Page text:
Wednesday, August 10, 2011

Making friends with our Benz

Frank finally decided to tackle the engine a few days ago because we were having some overheating issues.  He spent 2 days thoroughly going over the engine, scraping loose paint, treating areas of rust with Ospho (great stuff!), and detailing it.  He also changed the oil, oil filters, fuel filters, replaced all the zincs, sourced spares, changed the coolant and cap, and repainted the whole engine.

Partial blockage in transmission oil cooler 

All of the debris from the raw water side

At the same time, he removed the alternator, which had seized and attempted to rebuild it, however it was futile as it ended up being beyond repair.  A new Balmar alternator has now made it onto our shopping list (ouch!).  In the meantime, to address the overheating issue, he started at the beginning of the raw waterline, disassembling and checking as he went.  First problem he found was in the transmission oil cooler, which no longer had a zinc left in it (probably due to the fact that replacing it meant standing on your head in the bilge).  He replaced the zinc and cleared blockages that had developed inside the cooler.  As you can see from the photo, there was quite a bit of buildup in it.  Some of the debris made it down the line into the engine oil cooler, blocking some of the tubes in the heat exchanger.  Although we can't start the engine until we install a new alternator, as the belt on the alternator also runs the fresh water pump; we believe that these are some of the causes of overheating.  He also installed an expansion tank, which was missing and also the cause our corroded alternator (when the coolant boiled over it poured all over the alternator, ruining it).   We now have a nice, newly painted engine to start from scratch on.  Any leaks can now be easily spotted and remedied.  Still have some work to do, but at least we're off to a good start.




Sunday, August 7, 2011

Holey Moley

It's been about a month now since I've last updated the blog and a lot has happened.  Reason for my lackadaisical blogging has been because we've been busy hanging out with Frank's family for the past 2 weeks.  Catherine, Frank's mom, decided to surprise Frank and showed up around mid-July, so we got to spend some tourist time with them.  During that time, we did a lot of fishing, swimming, touring St. Augustine, and just plain relaxing.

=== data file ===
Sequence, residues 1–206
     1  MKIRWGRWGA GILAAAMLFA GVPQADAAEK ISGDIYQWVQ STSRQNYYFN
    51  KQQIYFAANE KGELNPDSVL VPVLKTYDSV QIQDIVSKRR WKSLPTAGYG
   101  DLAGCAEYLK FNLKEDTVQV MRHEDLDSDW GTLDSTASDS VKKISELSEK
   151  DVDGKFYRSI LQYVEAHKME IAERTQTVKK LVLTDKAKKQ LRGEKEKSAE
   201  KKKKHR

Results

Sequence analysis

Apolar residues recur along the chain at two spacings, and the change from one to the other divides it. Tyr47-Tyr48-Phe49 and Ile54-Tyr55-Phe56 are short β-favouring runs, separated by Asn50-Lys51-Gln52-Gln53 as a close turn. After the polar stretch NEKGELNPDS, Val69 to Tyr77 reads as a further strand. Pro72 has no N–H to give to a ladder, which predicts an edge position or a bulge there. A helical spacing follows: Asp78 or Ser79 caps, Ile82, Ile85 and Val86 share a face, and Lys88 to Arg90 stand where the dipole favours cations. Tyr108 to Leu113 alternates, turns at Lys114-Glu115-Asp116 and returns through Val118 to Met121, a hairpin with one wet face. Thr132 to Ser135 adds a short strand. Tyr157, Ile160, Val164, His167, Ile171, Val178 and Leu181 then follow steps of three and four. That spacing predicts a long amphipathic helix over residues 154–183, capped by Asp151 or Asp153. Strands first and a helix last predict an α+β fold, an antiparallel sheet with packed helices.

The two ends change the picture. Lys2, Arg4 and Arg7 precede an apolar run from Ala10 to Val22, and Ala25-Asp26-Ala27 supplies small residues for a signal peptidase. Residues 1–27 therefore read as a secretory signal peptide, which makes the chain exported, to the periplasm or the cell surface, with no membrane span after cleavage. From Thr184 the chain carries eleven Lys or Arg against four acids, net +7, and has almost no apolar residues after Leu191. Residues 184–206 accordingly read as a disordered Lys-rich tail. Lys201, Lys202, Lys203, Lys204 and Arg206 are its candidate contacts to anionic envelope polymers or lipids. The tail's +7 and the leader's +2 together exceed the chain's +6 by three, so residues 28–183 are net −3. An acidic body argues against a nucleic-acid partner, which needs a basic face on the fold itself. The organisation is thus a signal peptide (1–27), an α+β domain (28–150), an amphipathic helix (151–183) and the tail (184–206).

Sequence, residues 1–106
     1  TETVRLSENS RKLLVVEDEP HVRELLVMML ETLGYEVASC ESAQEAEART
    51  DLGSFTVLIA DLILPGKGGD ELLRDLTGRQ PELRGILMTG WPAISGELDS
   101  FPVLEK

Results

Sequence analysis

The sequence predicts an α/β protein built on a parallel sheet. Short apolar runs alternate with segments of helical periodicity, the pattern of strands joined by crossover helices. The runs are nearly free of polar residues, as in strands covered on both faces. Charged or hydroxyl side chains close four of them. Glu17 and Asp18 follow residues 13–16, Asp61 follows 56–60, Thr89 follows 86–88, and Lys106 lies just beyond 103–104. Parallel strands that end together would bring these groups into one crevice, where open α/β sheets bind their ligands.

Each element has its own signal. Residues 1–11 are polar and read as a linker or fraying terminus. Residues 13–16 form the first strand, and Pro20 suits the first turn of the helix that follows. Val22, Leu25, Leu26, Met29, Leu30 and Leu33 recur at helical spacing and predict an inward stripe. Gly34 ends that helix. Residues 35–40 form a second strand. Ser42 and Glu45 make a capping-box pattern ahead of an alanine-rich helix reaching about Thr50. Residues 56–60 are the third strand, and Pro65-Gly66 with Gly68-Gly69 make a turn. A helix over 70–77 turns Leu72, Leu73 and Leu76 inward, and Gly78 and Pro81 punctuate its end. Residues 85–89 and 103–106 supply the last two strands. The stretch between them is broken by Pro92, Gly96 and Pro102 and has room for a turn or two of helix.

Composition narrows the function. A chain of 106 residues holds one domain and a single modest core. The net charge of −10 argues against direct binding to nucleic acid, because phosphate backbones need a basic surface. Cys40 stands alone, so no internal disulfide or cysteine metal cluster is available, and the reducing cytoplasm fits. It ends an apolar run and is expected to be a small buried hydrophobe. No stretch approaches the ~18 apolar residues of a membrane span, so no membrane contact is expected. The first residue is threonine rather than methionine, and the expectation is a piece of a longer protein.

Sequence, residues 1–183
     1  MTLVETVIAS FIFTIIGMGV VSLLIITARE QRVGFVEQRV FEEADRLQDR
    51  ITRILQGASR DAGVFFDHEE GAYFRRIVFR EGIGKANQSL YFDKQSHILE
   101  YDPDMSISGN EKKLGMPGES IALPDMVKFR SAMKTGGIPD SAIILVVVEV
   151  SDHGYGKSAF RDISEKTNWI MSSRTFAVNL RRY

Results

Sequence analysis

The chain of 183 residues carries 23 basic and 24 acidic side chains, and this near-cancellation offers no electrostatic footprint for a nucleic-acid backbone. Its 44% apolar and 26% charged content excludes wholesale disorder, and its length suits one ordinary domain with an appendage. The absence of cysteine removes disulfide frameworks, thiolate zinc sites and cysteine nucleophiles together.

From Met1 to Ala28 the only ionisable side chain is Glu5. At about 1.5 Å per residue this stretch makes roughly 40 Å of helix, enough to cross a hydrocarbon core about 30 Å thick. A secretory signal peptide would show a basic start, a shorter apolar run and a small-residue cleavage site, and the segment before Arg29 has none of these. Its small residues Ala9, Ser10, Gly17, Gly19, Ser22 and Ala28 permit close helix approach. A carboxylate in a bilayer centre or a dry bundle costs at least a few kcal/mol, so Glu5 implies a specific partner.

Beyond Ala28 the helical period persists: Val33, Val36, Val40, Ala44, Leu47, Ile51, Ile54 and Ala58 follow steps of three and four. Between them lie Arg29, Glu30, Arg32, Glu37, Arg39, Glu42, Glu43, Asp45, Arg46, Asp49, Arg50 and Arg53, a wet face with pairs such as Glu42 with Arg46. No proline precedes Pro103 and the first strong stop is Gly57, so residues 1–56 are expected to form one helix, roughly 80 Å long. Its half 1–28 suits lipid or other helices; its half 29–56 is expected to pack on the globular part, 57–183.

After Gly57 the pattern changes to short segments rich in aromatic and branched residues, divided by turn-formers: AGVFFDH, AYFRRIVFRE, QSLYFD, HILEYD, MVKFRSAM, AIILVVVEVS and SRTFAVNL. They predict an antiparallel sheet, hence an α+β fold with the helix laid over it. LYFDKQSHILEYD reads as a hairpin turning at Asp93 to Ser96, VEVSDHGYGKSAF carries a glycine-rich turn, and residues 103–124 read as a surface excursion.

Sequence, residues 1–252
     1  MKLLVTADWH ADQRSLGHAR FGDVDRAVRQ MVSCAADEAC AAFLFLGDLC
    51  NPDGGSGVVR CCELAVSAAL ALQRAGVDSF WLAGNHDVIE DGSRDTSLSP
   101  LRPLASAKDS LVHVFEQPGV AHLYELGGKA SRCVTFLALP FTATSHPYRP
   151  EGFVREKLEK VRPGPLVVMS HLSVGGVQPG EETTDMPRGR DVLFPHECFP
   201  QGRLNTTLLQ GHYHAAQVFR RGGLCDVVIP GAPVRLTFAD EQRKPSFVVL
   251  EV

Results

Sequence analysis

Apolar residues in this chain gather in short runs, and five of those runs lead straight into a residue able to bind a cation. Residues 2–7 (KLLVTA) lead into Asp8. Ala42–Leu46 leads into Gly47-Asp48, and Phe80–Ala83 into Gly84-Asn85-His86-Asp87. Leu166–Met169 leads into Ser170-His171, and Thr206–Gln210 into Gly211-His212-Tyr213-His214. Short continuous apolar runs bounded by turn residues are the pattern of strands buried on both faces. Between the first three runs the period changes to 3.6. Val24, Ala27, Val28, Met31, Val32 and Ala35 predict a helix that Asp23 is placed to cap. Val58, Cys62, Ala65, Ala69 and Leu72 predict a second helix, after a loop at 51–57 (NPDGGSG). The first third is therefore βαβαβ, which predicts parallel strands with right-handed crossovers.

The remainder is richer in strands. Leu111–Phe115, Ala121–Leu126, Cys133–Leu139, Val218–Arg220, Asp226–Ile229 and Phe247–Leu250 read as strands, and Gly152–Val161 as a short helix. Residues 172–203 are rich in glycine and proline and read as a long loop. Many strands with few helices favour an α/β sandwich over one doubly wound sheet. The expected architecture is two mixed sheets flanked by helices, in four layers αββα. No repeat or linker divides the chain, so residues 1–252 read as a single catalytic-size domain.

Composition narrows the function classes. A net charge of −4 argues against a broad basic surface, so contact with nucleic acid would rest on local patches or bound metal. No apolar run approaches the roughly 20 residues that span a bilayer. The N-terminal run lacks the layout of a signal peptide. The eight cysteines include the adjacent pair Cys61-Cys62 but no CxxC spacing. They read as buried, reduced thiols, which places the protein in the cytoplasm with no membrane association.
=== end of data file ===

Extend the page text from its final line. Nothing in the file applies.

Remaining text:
Fishing off our docks

St. Augustine Lighthouse 

Krystie, newest member of Blue Man Group
We also discovered the oh-so-delectable mole crab.  These little creatures, though they look like bugs, are crabs that burrow in the sand along the shore where the waves break.  You catch them by waiting until the waves crash and stir up the sand, and watch them scurry as they quickly re-burrow themselves back into the sand.  They only bury themselves about an inch or two, so you can just grab a handful of sand where they were last spotted, and voila, you've got yourself a little critter.  Cleaning them is just as easy, you simply remove their digger and pull, thus deveining them (similar to shrimp).  A light batter of flour, salt, and ginger powder, and deep fry them with peanut oil and you've got yourself a tasty little snack.

When Frank was younger, he had used these as bait for surf-casting and had only known them as "sand fleas" as they call them down here.  He had no idea that they were edible until we watched an episode of Bizarre Foods, when Andrew Zimmern went to Thailand.  They looked so good, when he described them as a combination of "popcorn shrimp and soft shell crab," that we decided that we had to give them a shot.  We must agree that they are very much like a combination of popcorn shrimp and soft shell crab with a crunchier shell.  Even Frank loved them and he's not exactly what you'd consider an adventurous eater.  Yum...just thinking of them is making my mouth water.